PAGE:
By  on July 2, 2007

PARIS — Diamonds and Formula One racing may seem a strange mix for a winning recipe, but the two successfully have combined for Swiss watch firm Tag Heuer.

The brand, closely associated with motor racing and high-precision wristwatches (Steve McQueen wore a Tag Heuer in the 1961 racing movie "Le Mans"), has grown into a serious player in diamond-dappled women's timepieces, too.

Sales of women's watches have doubled in recent years, thanks to vigorous efforts at the LVMH Moët Hennessy Louis Vuitton-owned brand to develop the segment, including a redesign of all of the women's watches. Tag Heuer also has reaped benefits from high-profile advertising campaigns featuring actress Uma Thurman and tennis sensation Maria Sharapova.

The U.S., where Tag Heuer has logged consistent high-double-digit growth across all categories, has driven the boom in women's. Now, worldwide president Jean-Christophe Babin said the company is stepping on the accelerator elsewhere around the globe. Women's watches generate 50 percent of the growth for the brand, he said.

"We hadn't really addressed women," said Babin, adding that about one-third of Tag Heuer's sales in value terms come from women's products. "To reach 40 percent for women's could be an interesting level."

Babin said the company, without abandoning its core men's market, would plan more events catering to women and ramp up advertising, as well. Last year, for example, the firm was host for a photography exhibit in Manhattan called "Strength and Beauty Embodied by Avant-Garde Women."

With women accessorizing more and more, Ulrich Wohn, Tag Heuer's North America president, said he saw no reason why the company shouldn't continue to gain traction with them.

"Watches are the new handbag for a lot of women," he said. "When a bag has a six-month shelf life, a watch seems that much more attractive because it lasts."

Wohn said American women, in particular, continue to be attracted by the trend for larger men's-style watches, which benefits Tag. "They love diamonds, too," he added, pointing out that watches with diamonds were selling best.

Babin said the average price of a women's watch from Tag Heuer is $2,300, about $400 more than the average for a men's timepiece, the difference being the diamonds.Tag Heuer's overall average prices have appreciated recently — about 14 percent in the U.S., for example — because of the growing vogue for mechanical watches among men. Even if he were keen to keep the brand in its traditional sweet spot of watches that cost $1,500 to $3,000, Babin said Tag Heuer could gain ground in the $3,000 to $5,000 segment. "We think we can become a major player there."

LVMH doesn't break down sales for its watch and jewelry brands, which include Zenith and Chaumet. Operating profits last year at the division skyrocketed 281 percent to 80 million euros, or $108.1 million at current exchange. Most of that is attributable to Tag Heuer.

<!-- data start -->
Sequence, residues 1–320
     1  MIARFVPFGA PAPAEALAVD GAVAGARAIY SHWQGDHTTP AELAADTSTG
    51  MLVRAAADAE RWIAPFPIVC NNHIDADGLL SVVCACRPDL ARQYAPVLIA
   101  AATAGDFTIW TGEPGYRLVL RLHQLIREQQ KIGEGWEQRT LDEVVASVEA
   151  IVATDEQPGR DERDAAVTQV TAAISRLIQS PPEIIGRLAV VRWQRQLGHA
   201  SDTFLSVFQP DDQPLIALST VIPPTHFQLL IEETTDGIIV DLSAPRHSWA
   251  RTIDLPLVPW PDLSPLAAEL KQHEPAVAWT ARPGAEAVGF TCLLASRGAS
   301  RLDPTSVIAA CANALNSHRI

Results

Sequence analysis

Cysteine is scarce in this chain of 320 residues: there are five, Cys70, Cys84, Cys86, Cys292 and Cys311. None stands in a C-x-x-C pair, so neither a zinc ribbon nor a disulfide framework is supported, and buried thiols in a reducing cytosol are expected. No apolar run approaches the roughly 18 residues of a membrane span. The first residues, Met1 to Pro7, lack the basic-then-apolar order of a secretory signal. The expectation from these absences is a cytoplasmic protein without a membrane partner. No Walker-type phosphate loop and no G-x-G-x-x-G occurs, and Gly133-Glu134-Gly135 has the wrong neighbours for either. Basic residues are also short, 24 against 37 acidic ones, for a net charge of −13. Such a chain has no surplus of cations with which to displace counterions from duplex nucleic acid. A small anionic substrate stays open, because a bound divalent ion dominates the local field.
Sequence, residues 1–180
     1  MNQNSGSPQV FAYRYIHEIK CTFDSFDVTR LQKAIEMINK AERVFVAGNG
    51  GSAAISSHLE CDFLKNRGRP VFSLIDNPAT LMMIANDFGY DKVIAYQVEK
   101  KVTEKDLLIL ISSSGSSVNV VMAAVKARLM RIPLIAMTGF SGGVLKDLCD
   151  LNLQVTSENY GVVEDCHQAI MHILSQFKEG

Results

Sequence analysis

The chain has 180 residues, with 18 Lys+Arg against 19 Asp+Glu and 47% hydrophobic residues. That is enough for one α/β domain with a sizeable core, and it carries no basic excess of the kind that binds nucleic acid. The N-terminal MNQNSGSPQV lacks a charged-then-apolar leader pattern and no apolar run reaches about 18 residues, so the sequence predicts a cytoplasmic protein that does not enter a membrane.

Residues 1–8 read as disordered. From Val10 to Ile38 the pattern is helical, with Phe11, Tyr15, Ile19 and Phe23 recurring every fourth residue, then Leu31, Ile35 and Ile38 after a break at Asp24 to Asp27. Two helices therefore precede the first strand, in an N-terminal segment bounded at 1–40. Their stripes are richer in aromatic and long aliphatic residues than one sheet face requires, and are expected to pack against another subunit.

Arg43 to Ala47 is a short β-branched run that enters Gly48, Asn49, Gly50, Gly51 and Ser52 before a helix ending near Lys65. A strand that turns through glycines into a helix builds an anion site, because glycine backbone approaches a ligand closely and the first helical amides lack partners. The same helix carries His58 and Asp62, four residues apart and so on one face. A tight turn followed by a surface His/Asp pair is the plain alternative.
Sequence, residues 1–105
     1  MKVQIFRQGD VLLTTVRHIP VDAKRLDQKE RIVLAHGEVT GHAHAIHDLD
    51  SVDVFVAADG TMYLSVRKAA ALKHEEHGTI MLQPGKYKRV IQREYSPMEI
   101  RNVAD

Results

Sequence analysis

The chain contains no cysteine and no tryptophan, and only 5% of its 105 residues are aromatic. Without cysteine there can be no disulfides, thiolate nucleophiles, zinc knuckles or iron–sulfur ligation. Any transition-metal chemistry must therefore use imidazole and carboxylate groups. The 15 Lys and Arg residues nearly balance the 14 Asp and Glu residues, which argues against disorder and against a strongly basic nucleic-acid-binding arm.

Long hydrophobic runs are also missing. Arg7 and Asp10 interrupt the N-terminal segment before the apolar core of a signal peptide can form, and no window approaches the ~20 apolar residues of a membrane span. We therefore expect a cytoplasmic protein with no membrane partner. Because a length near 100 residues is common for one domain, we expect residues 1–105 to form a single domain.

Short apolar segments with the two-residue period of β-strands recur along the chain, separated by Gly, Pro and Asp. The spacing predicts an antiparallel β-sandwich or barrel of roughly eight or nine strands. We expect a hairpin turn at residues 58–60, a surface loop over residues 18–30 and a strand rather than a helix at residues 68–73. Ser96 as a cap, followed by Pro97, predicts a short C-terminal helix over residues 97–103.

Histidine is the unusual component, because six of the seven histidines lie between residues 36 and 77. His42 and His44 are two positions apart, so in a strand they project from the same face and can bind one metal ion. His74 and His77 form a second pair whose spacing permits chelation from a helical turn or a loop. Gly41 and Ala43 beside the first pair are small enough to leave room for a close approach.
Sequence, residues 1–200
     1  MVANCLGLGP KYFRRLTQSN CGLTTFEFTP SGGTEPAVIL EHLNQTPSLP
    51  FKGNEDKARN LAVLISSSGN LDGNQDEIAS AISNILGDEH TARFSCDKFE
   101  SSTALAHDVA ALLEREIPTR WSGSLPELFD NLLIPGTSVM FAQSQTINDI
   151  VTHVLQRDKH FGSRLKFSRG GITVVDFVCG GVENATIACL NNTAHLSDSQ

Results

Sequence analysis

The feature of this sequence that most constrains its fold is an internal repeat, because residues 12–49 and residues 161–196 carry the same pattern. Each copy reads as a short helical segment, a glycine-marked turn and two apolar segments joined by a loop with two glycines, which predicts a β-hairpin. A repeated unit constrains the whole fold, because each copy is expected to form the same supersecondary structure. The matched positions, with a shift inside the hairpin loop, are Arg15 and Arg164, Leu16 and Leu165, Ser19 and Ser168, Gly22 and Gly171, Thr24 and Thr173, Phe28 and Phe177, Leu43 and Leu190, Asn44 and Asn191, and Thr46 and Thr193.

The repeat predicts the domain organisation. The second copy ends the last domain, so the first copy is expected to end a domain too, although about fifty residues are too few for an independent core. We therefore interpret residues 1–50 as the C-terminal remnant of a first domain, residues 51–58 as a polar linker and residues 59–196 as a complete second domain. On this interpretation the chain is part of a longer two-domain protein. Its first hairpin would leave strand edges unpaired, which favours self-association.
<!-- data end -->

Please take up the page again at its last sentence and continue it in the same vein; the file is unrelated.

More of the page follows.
Babin said he did not foresee a slowdown. Swiss luxury watches have had an unprecedented boom, ignited by strong wealth creation around the world. Most of the key players, from Cartier to Omega, have reported high-double-digit growth. Average prices also have climbed as customers seek complicated pieces and jeweled styles.

Wohn said the U.S. was poised for more growth. "Watch wardrobing is a new phenomenon and it's here to stay," he said. "Men think they need a Swiss watch now when they enter the workforce. We are an accessorizing society. And young people get the watch thing."

The U.S. made up 34 percent of Tag Heuer's business last year. "There's a lot of growth left for the brand in the United States," Wohn said.

Elsewhere, Babin said Tag Heuer was building its retail presence, though there are no plans for a network of stores in Europe or the U.S., where the bulk of the watch trade is with wholesale partners.

In the emerging Chinese market, for instance, Babin said the brand wanted to open five to 10 stores a year over the next five years, bringing the number of stores from the existing seven to as many as 40.

Tag Heuer operates about 50 stores, mostly in Asia, including India, Thailand and Japan. A new retail concept will be unveiled in Hong Kong in the fall. Babin declined to provide any details, saying he wanted to keep the store a surprise. The design will be used in all of Tag Heuer's new stores.Watch retailers have praised the brand's high level of innovation. At the last watch show in Basel, Switzerland, for example, Tag Heuer presented 47 new products. Most of the development has been redesigns in the company's perennial classic watches. "We're like Porsche when it revisits the Carrera," Babin said. This year, Tag Heuer introduced one of the most complicated quartz watches ever made. The Aquaracer Calibre S Regatta, replete with a yacht regatta countdown function, has 230 parts.

Though Babin provided few details, he said Tag Heuer would launch a significant men's watch this month in the South of France that would be associated with race car driving. "I can only say it will be part of our push in the $3,000 to $5,000 range," he said.

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